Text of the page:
Tuesday, 16 April 2013

A-Z Challenge 2013: N is for Nuncupative Will

Most genealogists are familiar with an ancestor's Last Will and Testament as a document written without commas (if written by a lawyer's clerk, as they mostly were) and full of interesting facts such as "I bequeath the six best horsehair chairs to my loving daughter Emily" or "I do not bequeath any monies to my son John who is parsimonious and will not give to the poor".  Written down well before the death of the person in a specific format.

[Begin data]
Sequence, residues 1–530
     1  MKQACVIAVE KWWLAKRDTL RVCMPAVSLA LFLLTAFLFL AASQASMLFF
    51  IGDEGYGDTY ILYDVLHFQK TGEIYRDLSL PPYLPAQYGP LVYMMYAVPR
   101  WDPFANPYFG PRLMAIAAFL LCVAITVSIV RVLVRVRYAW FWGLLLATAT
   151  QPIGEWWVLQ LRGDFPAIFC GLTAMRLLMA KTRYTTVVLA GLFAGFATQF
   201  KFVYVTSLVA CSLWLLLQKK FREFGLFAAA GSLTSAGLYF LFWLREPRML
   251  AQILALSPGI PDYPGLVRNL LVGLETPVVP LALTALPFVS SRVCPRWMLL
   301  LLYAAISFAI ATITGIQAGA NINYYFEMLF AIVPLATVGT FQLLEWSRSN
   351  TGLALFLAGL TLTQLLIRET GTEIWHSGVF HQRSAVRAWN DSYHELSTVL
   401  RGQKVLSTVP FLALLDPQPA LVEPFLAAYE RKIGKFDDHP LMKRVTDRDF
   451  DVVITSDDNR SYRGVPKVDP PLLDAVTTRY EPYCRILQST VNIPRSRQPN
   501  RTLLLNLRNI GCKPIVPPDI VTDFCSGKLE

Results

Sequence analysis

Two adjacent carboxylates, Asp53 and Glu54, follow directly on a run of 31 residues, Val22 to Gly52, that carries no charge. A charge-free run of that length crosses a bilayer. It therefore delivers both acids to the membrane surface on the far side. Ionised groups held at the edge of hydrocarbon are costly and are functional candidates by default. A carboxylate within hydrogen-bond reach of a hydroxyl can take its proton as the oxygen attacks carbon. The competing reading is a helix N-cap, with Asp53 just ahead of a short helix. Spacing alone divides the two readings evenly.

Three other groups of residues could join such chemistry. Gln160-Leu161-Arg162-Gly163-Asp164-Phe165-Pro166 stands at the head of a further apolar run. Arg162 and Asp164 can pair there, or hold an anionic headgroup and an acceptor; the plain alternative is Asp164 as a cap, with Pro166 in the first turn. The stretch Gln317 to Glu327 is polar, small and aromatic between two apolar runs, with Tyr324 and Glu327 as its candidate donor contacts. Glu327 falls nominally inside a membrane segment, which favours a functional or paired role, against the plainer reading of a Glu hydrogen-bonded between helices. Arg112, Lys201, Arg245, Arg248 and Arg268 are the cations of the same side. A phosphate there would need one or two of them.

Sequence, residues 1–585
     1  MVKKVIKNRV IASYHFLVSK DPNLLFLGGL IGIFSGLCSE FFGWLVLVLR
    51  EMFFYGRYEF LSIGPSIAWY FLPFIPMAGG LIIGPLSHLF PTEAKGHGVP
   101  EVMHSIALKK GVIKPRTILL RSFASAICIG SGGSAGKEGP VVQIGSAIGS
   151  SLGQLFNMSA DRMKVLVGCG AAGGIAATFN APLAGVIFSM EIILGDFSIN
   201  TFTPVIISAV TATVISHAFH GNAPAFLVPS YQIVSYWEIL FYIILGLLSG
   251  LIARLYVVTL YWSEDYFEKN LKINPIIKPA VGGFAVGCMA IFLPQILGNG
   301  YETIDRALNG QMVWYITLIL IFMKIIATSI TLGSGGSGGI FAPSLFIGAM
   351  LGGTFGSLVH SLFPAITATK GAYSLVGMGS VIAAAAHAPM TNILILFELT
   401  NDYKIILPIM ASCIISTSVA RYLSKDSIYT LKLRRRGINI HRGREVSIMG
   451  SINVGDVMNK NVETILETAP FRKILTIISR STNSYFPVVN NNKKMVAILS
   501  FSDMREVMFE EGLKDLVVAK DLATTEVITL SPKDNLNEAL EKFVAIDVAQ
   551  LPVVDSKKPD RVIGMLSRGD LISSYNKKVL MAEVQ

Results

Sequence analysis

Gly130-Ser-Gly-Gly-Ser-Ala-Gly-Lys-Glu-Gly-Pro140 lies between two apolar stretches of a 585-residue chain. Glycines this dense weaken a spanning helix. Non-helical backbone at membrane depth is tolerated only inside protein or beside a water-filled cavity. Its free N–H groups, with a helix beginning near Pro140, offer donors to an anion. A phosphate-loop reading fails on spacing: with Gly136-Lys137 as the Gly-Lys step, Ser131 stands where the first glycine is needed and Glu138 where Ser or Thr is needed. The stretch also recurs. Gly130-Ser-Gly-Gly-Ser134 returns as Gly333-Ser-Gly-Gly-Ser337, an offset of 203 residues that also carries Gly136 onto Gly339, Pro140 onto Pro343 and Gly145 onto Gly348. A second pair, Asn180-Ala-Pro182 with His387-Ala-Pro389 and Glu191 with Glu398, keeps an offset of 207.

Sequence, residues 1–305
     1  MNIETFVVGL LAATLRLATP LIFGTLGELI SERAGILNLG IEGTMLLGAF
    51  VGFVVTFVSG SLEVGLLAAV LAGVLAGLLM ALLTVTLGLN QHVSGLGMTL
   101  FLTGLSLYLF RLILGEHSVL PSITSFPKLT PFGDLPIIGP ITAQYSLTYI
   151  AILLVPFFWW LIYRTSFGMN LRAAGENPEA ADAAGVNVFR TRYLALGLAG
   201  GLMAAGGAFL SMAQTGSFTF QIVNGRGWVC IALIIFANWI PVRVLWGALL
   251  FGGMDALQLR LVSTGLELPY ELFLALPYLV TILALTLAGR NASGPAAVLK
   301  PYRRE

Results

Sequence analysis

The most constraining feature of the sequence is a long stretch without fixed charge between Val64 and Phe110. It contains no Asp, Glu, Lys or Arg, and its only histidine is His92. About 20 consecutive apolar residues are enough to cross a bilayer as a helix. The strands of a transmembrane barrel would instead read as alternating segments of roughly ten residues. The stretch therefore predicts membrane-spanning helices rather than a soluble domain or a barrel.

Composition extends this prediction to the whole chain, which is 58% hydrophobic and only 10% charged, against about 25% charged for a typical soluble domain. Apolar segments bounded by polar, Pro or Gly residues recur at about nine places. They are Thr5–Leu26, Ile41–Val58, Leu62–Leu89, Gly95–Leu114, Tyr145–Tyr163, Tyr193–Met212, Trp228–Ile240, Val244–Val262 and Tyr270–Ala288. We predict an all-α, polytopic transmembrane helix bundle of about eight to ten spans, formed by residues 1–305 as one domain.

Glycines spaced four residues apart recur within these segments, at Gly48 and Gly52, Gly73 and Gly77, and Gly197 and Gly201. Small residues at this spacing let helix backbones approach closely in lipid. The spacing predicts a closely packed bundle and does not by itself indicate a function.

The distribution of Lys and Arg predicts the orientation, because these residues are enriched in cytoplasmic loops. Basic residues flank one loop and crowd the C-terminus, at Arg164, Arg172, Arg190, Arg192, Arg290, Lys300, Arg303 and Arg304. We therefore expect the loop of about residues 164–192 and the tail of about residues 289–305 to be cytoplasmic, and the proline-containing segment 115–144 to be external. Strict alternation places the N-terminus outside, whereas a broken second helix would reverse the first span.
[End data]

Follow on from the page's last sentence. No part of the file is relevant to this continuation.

But a nuncupative will is word of mouth only, and then testified to in a court of law by two or three witnesses.  (The writing-down part  is usually after the person is dead, but must be shortly after.)  Some U.S. states still allow this, as do England and Wales; military personnel on active duty are often permitted to do this

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